Category: Crazy Requests

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Working Serious Undertime

| UK | Bosses & Owners, Crazy Requests, Time

(To help pay my expenses at uni, I get a job in a big shop. The hours are only four hours every Saturday. This is my first job. After 4 weeks, the manager calls me into the office.)

Manager: “I noticed that it’s taking you a really long time to get the hang of the tills.”

Me: *nervously* “Is it?”

Manager: “Well, there was that issue last week with the customer’s voucher, and before that there was the discount card.”

Me: “But it was the first time I’d ever done one of those. I couldn’t remember how to do it.”

Manager: “You’ve been here four weeks. You really should know how to do these things by now; I can’t believe it would take so long. Most of employees pick it up after their first week.”

Me: “First week? Like seven days?”

Manager: *patronising* “That would be a week, yes.”

Me: “But I’ve only been here for four days!”

Manager: “You’ve been here a month!”

Me: “Only on Saturday, for four hours! So that’s like four part-time days total or two full days, but spread out over a month. It’s a little harder to pick this up when I don’t spend much time here refreshing my memory.”

Manager: “…You can go.”

(She continued talking about how I was so slow for someone who’d been here ‘over a month,’ so eventually I left and got a job with more hours elsewhere. Picked up the tasks pretty quickly when I had frequent practice!)

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If You Fall You’ll See The Light

| Canada | Crazy Requests

(I move into an apartment on the eighth floor and am looking to put some lighting on the balcony. I figure gazebo net lighting will work the best but am not sure how to hang it from the ceiling of the balcony. I ask an employee.)

Me: “So I want to hang lighting but I can’t drill into the ceiling as it’s a rental. Do you have any sort of adhesive hooks or some other lighting solution I could go with?”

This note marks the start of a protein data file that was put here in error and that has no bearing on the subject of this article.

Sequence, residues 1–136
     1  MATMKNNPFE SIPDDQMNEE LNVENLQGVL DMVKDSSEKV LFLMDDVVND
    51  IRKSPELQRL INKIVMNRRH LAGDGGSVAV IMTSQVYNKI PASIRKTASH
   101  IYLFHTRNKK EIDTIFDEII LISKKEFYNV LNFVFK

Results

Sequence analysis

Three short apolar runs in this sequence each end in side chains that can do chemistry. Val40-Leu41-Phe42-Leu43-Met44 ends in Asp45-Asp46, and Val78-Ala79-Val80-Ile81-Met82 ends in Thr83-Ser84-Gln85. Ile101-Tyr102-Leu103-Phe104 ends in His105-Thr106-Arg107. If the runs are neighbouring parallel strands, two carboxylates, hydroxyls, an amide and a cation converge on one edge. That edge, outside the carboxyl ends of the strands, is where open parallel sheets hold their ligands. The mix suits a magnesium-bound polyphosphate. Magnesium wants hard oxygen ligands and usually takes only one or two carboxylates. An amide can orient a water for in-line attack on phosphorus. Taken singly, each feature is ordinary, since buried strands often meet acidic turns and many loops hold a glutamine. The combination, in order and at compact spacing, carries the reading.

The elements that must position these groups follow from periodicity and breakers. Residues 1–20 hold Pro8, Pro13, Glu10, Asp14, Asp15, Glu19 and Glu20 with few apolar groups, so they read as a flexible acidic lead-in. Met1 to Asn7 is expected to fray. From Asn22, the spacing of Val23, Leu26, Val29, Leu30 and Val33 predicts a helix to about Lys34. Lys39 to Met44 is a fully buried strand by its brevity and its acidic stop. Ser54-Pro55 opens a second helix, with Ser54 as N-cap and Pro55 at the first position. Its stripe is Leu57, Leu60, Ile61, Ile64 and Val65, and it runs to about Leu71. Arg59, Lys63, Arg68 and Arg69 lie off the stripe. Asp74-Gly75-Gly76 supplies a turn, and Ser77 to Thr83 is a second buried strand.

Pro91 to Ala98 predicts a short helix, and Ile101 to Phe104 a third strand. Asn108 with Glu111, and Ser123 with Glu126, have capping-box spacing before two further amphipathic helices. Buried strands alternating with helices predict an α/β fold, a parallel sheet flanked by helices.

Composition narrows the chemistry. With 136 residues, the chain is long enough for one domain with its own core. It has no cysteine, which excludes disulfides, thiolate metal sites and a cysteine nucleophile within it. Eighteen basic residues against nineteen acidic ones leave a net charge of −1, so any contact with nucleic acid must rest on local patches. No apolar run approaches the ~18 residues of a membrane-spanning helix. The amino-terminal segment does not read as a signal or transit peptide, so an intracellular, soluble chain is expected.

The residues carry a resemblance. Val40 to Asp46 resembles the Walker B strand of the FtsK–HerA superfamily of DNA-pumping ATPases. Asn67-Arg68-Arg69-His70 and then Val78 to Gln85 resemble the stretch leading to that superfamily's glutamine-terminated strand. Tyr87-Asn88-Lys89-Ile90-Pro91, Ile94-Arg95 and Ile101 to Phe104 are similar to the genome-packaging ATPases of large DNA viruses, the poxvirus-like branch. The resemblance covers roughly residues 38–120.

Employee: “Well, you could always hook the lighting to your neighbor’s balcony.”

Me: “What do you mean?”

Employee: “You just reach up and wrap the lighting around the base of the neighbors railing.”

Me: “Uh, I don’t know if they would want me attaching things to their balcony. Also, we don’t have railings; it’s three feet of solid cement and the ceiling is seven feet.”

Employee: “Well, you just climb out and hang it.”

Me: “Did I mention I was on the eighth floor? With the height of the roof and the balcony, I’d have to reach up seven feet after climbing outside of the building 80 feet up. I don’t think that would work or be very safe.”

Employee: “Well, you would need your neighbor’s permission…”

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Laundering Laundry Money

| Toronto, ON, Canada | Crazy Requests, Employees, Liars/Scammers

(The apartment that I have rented for six-years has a laundry room where the machines use pre-paid debit-style cards to operate the machines. In the week leading up to me moving out of the apartment I am doing lots of laundry so have loaded $50 onto the card. The cards are fairly new to the building, and I have never signed anything when I got one, nor had I been told that they were part of the moving out procedures. I have the following exchange with the rental agent as we are doing my closing inspection.)

Agent: “So, we need your laundry card.”

Me: “There’s still a balance on it.”

Agent: “We can’t complete the paperwork until we have the laundry card.”

Me: “I have about $20 on the card. Are you going to give me $20 for the card?”

Agent: “No. You need to contact the laundry company to get the balance. Now, we need the card.”

Me: “So, if you need the card, how can I contact the laundry company to get the balance back?”

Agent: *silent for a moment* “We can’t complete your release of the apartment without the laundry card.”

Me: “And I wouldn’t be able to get the money back without the card. So, give me $20, and then you can call the laundry company for the $20 left on the card.”

Agent: “We can’t do that. You put the money on the card.”

Me: “These cards don’t have names on them. They’re generic cards. You can call and get the $20. If you want the card now, give me $20, and I’ll give you the card.”

Agent: “We need the card to clear the paperwork. We can’t call the company on your behalf for the balance on the card.”

Me: “Well, I’m not giving you the card with my money on it, unless you give me $20 for the balance on the card.”

(This went on for a good five minutes. Eventually the agent relented, and let me sign the paperwork and recorded the card as lost. I didn’t need the card in my new place, so I gave it to my mother whose office uses them. She paid me $20 from petty cash for the balance on the card. I’m convinced that the agent just wanted to use the card for his own laundry.)

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